by Peter Altschul
Since 1985, I have been a member of the American Council of the Blind (ACB for short), whose mission is to improve living conditions for people with visual impairments. Several years later, I joined Friends-in-Art (FIA), a small group of blind musicians, writers, sculptors, painters, and others who try to advance accessibility and opportunity for artists and audience members who are visually impaired. We encourage museums to become more blind-friendly and work with designers of popular music-related hardware and software to make their products more user-friendly for blind musicians. We also conduct several workshops at ACB's annual national conventions, as well as putting on a popular variety show known as The Showcase of the Performing Arts.
Over time, I became acquainted with Janiece Kent, a talented pianist/vocalist with a special affinity for show tunes and operetta arias; a gifted poet; a teacher of braille to blind students in the Washington, D.C. school system; a tireless advocate — and a founding member of FIA. She died peacefully last week after a year-long battle with cancer.
In the late 1990s, I moved to an apartment in Washington, D.C., about a mile from Janiece. My guide dogs and I spent many happy afternoons and evenings with her and Gordon, her future husband, in their apartment. She was a gracious and unassuming host with kind words, a listening ear, and a sense of humor that often caught me by surprise. She also sang the women's parts when I recorded demos of my music in Gordon's studio, often singing them correctly on the first take despite not having the time to review the material beforehand.
Janiece played a pivotal role in my courtship of my wife, Lisa. I sang to Lisa and others attending a FIA showcase Stephen Sondheim's "Not While I'm Around" with her accompanying on the piano. Lisa and I heard her perform several times at the Old Europe, a German restaurant near my D.C. apartment. And she teamed with Gordon to sing two Broadway show tunes at our wedding, causing many people to turn in their seats expecting a recording but seeing live performers instead.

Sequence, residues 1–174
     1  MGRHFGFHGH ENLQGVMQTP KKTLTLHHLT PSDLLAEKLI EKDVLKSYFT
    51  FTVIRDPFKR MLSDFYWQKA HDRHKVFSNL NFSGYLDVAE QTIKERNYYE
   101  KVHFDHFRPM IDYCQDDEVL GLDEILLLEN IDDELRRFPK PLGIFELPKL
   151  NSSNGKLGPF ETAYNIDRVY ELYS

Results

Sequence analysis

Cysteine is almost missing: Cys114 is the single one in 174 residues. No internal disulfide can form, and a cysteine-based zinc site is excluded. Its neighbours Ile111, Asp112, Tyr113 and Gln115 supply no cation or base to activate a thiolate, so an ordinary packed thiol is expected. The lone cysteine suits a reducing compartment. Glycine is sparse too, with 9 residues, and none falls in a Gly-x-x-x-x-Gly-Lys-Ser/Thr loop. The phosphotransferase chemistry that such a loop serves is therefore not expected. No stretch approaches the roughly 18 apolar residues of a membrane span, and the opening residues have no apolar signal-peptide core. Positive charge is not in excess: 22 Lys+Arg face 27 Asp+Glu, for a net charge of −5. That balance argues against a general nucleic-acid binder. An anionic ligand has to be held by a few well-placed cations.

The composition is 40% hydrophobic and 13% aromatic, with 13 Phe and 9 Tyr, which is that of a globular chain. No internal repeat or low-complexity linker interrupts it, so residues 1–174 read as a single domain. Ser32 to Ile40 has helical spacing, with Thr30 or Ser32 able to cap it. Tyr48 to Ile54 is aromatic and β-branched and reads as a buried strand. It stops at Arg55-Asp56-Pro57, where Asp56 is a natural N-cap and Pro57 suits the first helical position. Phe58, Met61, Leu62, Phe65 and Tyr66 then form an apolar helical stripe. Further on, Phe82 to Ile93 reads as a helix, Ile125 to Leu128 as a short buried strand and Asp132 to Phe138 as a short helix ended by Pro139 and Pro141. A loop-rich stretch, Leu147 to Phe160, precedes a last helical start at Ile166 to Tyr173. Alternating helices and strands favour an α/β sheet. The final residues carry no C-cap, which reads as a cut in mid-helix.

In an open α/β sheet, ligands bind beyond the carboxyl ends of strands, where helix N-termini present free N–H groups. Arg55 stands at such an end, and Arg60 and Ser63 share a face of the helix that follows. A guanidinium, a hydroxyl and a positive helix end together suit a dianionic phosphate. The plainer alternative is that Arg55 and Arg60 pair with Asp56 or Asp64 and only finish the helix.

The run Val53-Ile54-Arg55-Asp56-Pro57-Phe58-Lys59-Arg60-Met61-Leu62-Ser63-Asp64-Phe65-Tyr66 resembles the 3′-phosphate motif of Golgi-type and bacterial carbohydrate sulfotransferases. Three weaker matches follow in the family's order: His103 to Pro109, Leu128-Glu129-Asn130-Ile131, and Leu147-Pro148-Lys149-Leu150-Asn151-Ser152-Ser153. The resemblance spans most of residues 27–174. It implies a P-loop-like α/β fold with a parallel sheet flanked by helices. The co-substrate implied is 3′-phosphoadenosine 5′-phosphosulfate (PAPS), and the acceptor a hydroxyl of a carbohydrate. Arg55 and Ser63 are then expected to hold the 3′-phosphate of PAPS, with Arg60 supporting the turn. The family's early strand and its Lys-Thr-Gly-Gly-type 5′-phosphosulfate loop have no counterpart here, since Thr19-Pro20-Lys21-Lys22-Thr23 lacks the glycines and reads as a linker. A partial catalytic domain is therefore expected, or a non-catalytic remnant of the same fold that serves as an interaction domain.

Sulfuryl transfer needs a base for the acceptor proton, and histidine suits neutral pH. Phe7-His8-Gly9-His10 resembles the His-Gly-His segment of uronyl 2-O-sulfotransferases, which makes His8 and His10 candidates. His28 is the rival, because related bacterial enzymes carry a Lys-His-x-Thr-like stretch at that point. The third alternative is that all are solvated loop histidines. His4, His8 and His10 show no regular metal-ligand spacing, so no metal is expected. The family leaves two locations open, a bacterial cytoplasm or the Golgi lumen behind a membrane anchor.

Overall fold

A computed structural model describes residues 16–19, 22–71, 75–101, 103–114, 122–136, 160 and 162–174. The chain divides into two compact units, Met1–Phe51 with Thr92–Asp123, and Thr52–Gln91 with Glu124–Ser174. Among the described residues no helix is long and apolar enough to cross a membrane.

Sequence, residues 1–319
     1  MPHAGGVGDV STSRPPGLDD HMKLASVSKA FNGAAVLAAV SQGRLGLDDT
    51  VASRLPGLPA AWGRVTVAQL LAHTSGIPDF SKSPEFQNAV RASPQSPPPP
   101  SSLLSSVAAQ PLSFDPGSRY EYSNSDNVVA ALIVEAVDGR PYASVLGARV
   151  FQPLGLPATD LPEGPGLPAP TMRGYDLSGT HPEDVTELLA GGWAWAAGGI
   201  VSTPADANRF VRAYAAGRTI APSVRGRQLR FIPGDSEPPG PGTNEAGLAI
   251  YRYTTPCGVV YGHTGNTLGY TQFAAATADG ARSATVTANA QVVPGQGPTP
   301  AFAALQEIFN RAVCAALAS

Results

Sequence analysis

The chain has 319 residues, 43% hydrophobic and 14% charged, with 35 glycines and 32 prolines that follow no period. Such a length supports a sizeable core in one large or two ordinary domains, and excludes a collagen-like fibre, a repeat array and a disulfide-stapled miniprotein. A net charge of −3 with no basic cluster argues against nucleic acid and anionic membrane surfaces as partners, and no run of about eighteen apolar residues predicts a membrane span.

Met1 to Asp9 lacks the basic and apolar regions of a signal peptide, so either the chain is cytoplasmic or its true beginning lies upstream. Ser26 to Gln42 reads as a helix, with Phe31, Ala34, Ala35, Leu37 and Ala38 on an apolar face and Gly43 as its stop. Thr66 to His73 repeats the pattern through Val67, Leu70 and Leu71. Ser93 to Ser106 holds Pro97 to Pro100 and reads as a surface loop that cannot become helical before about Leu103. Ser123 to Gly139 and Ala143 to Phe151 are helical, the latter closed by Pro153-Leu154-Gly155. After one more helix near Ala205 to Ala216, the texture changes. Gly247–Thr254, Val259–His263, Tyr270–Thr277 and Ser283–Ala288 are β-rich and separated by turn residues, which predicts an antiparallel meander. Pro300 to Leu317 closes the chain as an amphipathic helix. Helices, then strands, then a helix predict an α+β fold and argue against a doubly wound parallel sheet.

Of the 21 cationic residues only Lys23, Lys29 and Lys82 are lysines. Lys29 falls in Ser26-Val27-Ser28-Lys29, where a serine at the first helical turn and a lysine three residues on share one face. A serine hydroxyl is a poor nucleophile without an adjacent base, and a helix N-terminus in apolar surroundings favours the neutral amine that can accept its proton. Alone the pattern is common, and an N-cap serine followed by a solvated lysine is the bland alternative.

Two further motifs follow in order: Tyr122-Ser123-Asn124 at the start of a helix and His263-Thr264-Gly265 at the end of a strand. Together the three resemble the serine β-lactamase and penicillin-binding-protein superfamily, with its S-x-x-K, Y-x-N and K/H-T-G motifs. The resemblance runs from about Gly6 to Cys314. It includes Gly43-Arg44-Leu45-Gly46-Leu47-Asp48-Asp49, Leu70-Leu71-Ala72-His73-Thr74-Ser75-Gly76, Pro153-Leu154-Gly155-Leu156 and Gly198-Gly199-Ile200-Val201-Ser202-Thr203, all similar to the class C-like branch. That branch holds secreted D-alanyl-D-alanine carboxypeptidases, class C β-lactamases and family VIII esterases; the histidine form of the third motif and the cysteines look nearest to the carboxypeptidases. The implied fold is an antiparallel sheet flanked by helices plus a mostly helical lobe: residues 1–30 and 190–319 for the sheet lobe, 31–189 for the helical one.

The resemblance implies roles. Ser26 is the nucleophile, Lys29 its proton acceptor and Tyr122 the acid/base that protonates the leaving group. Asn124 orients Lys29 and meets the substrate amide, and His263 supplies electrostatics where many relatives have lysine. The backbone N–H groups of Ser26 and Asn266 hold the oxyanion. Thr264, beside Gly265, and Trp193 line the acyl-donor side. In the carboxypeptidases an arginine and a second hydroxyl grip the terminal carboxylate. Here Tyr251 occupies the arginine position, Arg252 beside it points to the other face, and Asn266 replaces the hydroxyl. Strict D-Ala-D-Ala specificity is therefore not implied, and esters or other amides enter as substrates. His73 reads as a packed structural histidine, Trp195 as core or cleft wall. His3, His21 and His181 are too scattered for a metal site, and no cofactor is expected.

However, I will especially remember Janiece's unique approach to making herself heard during meetings. She was no longer FIA's president when I joined the board, but she was always present with perceptive comments and wise suggestions … if we gave her the space.
And giving her that space took some practice, especially when we were under pressure to create a program for the annual Showcase in 90 minutes after listening to auditions over a three-hour period. Her quiet but distinct "excuse me," coupled with her clearing her throat, would attempt to change the tone of the rapid, impatient conversation in which the rest of us were engaged. If we didn't give her the chance to speak, she might or might not try to interrupt us again several seconds later. If she got our attention, she would clear her throat again, pause, and then make her comment in a quiet, slow voice. If she didn't get our attention, we lost the benefit of her wisdom. Over time, I learned to listen for her gentle but insistent cue that she wanted to say something.
This unique approach to getting heard has assisted me to become better at running meetings and workshops, especially when the tone becomes contentious. I have tried to do a better job of picking up cues from people with quieter voices so that they can have their say. When people's agitation causes them to talk past each other, I have consciously slowed down my rate of speech, often resulting in others following my lead and more productive work getting done.
So thanks, Janiece, for your gracious hospitality. Thanks for your wonderful music, your love of poetry, and your enthusiasm for everything artistic. Thanks for your efforts to make museums, concerts, and films more friendly to us blind people. Thanks for doing such a terrific job teaching braille to blind kids in the wildly dysfunctional D.C. public school system. Thanks for assisting me to become a better teacher and leader. And thanks for showing us that friendship can produce not just great art but also positive change in the world around us.